Still from "earthrise" - "Water: Saving Every Drop"
S1 E10: Eco Burials & Protecting The Great Barrier Reef

Eco Burials & Protecting The Great Barrier Reef

Green Goodbyes 

Death is a messy business. In America alone, 1.6 million tons of cement and over 870,000 gallons of embalming fluid — commonly containing formaldehyde — are buried along with 2.5 million caskets every year.

“What you have here is a landfill … a toxic landfill,” says Glen Ayers of the Green Burial Committee as he looks around a traditional graveyard in Massachusetts.

Proponents of natural burial want to reduce the pollution and resource waste associated with funerals, which also includes burying masses of hardwood and steel.

One solution is to use eco-friendly biodegradable coffins made out of cardboard or even banana leaves. Campaigners also hope to increase the number of natural burial sites, where plots blend in with the natural surroundings. There are currently fewer than 40 in the US.

Russell Beard travels to Massachusetts to meet the people hoping to bid the world a green goodbye.

How it works: Fixing the ozone layer 

Declared as "perhaps the single most successful international agreement to date" by former UN Secretary General Kofi Annan, the 1987 Montreal Protocol has helped protect life on earth. The treaty saw world leaders come together to stop harmful chemicals destroying parts of the ozone layer.

The ozone layer formed around the earth after aquatic bacteria began to release oxygen through photosynthesis 2.4 billion years ago. This protective layer keeps out the sun’s most harmful UV rays and helped life on earth to emerge from water onto land.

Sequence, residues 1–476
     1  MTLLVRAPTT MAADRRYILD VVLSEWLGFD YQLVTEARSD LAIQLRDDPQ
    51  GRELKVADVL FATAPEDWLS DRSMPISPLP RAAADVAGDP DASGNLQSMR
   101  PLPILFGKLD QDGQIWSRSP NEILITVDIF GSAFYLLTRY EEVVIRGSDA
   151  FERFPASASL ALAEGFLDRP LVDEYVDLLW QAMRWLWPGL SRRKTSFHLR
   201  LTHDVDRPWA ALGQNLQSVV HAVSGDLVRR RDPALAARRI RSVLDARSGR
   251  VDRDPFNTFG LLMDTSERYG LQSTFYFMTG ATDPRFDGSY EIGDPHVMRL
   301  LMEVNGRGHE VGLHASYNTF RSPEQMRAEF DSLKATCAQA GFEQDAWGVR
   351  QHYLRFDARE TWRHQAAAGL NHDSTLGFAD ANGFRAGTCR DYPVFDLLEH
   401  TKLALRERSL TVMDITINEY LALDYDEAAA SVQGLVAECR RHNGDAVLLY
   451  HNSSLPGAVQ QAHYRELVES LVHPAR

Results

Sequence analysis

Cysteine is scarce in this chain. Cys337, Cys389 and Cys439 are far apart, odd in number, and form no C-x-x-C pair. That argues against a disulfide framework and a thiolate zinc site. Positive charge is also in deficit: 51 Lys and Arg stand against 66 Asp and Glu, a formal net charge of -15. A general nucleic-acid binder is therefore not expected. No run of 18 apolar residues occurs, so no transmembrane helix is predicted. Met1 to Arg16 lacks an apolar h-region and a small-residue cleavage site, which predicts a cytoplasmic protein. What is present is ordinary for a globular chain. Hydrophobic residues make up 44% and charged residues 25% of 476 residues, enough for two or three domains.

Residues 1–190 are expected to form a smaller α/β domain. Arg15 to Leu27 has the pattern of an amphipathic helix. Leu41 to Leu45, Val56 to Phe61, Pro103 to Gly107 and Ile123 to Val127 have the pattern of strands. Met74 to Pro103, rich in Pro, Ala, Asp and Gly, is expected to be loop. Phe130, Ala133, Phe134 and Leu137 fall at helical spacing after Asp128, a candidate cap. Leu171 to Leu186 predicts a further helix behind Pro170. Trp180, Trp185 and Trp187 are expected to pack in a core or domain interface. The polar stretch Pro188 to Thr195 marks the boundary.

But scientist discovered a hole in the earth's ozone layer in the late 1970s and they soon realized that it was created by man-made chemicals.

Present in everything from fridges to fire extinguishers, chlorine based gases known as chlorofluorocarbons (or CFCs) were damaging the ozone layer, and as a result harming plantlife and exposing humans to a greater risk of skin cancer.

In this "earthrise" animation, we look at how the ozone layer works and how international action was able stop damage to the earth’s protective layer.

Reef Killers

Australia's iconic Great Barrier Reef has lost half its coral since 1985 and around 40 percent of this is believed to be down to the venomous Crown of Thorns starfish.

Scientists believe that a combination of global warming and nitrogen-based fertilizers from on-shore agriculture may have created the perfect conditions for the coral munching starfish, which are breeding in massive numbers.

Tamara Sheward heads to the Great Barrier Reef to meet divers culling the starfish — a painstaking process in which the creature’s stomach and each of its limbs is injected with a dry acid.

She also meets Dr. Jairo Rivera Posada from James Cook University in Townsville, who has developed a potential new weapon against the starfish - a protein solution derived from Ox bile and which kills the starfish in just one hit.